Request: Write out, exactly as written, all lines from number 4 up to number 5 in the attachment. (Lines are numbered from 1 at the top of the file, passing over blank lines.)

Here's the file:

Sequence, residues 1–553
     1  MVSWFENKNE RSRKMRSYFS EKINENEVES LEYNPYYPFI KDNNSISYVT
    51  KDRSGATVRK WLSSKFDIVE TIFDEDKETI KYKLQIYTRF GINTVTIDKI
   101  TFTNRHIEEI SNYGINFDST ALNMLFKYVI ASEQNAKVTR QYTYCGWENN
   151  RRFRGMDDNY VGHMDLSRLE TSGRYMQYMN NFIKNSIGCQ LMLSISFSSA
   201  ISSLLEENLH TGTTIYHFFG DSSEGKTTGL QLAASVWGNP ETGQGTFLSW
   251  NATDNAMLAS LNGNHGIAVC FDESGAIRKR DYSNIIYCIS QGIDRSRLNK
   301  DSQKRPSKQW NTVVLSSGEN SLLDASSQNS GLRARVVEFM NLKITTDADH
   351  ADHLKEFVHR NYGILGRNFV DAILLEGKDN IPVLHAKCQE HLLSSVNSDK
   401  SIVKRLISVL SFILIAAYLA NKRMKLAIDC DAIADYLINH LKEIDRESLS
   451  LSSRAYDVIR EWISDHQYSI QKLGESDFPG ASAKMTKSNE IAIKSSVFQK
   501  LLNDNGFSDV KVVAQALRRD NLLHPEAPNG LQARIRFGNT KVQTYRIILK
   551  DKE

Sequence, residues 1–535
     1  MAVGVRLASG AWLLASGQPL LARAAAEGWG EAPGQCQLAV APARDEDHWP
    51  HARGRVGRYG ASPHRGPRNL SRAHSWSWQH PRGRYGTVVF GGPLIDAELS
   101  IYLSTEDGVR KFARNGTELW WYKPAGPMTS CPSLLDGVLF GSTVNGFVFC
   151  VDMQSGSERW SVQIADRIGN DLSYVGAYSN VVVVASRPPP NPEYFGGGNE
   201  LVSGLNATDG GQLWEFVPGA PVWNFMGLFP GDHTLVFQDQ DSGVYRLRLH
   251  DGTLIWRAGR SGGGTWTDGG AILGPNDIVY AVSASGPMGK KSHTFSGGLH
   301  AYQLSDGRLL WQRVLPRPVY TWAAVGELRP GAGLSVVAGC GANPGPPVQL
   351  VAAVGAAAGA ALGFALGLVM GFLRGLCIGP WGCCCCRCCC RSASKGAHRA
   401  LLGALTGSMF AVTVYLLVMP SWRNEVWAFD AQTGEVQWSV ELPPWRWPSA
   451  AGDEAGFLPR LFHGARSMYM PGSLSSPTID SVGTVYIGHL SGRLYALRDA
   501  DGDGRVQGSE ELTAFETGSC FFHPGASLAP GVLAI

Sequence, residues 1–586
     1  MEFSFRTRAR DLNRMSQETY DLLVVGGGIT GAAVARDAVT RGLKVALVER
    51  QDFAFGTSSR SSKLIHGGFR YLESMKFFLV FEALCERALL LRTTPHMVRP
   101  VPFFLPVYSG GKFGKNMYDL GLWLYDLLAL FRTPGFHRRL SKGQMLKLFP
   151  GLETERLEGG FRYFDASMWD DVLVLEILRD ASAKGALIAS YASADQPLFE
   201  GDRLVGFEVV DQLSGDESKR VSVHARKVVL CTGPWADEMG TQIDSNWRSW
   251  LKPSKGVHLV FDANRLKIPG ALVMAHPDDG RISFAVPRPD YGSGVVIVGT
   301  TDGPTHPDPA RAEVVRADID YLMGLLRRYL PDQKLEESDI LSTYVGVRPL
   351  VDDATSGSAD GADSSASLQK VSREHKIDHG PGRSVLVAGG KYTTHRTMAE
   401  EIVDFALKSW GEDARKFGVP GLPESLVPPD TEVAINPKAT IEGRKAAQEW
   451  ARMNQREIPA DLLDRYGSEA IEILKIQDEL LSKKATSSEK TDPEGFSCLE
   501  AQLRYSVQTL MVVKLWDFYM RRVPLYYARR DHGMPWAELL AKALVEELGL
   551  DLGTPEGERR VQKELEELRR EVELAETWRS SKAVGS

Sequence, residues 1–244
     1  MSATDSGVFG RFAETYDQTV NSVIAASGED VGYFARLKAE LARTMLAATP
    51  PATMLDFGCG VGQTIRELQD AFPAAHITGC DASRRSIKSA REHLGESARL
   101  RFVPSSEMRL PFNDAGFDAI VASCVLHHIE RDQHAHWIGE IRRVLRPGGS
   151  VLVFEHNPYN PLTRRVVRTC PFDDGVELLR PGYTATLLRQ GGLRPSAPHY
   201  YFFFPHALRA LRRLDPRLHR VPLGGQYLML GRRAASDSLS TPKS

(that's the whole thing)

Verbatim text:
   101  TFTNRHIEEI SNYGINFDST ALNMLFKYVI ASEQNAKVTR QYTYCGWENN
   151  RRFRGMDDNY VGHMDLSRLE TSGRYMQYMN NFIKNSIGCQ LMLSISFSSA